Grégoire Courtine wins ERC Proof-of-Concept grant

Grégoire Courtine. Credit: Alain Herzog (EPFL)

Grégoire Courtine. Credit: Alain Herzog (EPFL)

Professor Grégoire Courtine has been awarded a Proof-of-Concept grant from the European Research Council.

The Proof of Concept (PoC) grants are given annually by the European Research Council (ERC) to researchers who already hold other ERC grants, in a range of research fields “from new health therapies to regenerate nerves, to prototyping soft robotic system for industrial handling, to building a charity that will promote welfare and job quality of digital workers of so-called ‘gig economy’.” Set up in 2011, the PoC grants are worth up to €150,000 and can be used for different purposes, including establishing intellectual property rights, investigating business opportunities, or conducting technical validation.

This year, the ERC has given 62 PoC grants, totaling €9.3 million. One of the winners is Grégoire Courtine, Professor at EPFL’s Brain Mind Institute. His lab develops neuroprosthetic systems, robotic interfaces, and advanced neurorehabilitation procedures, which they combine with neuroregenerative interventions in rodent and primate models of neurological disorders. Using genetically modified mice, optogenetics, viral tools, and whole-brain imaging, Courtine’s group seeks to uncover the neural mechanisms underlying the control of locomotion in intact animals, as well as the processes that re-establish motor functions after neuromotor disorders. They also perform clinical studies to test the efficacy of their interventions in human patients.

Project summary


Spinal cord injury (SCI) leads to severe motor impairments that significantly alter the quality of life of affected people and incur substantial cost for families and society. The ideas developed within the framework of our ERC starting and Consolidator grants led to the development of neurotechnologies that restored walking in paralyzed individuals. This treatment involves the delivery of targeted electrical spinal cord stimulation protocols that reactivate the spinal cord below the injury and amplify the residual commands from the brain. Crucial to the recovery of voluntary movements is the temporal coincidence between the location of the stimulation and the residual command from the brain. To achieve a perfect synchronization, we directly linked decoding of motor intention from brain recordings to the modulation of spinal cord stimulation protocols. We validated the therapeutic efficacy of this wireless brain-spine interface in a nonhuman primate model of SCI. Here, we aim to establish the technical and regulatory feasibility of this wireless brain-spine interface in humans, develop additional intellectual property, and prepare the path to the commercialization of this revolutionary neurotechnology.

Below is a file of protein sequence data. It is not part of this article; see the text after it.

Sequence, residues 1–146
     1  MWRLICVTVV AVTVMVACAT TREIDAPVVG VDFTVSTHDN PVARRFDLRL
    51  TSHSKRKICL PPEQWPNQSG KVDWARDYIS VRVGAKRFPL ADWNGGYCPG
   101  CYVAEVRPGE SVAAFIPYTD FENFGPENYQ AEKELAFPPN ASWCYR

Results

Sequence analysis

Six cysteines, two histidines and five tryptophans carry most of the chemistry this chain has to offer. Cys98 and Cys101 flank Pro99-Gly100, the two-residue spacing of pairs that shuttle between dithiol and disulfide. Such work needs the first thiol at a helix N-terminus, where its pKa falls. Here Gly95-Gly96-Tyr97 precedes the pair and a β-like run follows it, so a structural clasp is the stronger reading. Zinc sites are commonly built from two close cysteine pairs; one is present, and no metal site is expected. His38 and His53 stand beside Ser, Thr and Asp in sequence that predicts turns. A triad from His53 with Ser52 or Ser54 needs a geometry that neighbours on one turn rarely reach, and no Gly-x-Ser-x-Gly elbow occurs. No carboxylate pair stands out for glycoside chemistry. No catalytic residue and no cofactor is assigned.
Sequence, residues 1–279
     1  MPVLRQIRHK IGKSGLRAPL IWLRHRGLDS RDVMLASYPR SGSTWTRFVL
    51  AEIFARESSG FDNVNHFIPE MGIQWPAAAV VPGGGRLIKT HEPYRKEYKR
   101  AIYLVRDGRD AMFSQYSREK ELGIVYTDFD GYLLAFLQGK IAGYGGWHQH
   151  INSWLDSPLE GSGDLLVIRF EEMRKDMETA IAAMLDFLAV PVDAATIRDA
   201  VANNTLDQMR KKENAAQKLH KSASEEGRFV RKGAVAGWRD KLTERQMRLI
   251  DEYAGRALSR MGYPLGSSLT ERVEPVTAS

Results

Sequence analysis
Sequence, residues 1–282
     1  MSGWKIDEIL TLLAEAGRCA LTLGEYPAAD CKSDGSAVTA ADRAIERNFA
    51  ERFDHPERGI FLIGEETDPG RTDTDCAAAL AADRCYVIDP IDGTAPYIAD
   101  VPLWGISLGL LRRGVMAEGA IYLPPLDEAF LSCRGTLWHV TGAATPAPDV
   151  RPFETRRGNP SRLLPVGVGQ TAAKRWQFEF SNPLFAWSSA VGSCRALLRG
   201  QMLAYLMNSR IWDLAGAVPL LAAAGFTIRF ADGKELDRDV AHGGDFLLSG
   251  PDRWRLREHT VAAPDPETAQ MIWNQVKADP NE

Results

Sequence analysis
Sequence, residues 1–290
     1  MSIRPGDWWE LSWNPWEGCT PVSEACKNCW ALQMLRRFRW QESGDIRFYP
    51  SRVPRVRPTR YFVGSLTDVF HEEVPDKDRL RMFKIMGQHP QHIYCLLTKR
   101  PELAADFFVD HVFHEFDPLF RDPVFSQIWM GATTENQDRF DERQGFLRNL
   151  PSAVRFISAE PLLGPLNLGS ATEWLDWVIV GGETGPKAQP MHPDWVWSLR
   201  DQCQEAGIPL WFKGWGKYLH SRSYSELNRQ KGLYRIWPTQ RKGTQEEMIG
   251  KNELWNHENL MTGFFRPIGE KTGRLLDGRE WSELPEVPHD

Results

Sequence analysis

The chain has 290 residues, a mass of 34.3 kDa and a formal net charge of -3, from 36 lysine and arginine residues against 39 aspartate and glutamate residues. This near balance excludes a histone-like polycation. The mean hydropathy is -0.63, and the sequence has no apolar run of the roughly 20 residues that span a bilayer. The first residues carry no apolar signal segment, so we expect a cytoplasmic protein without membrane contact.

Official ERC announcement

List of awardees (PDF)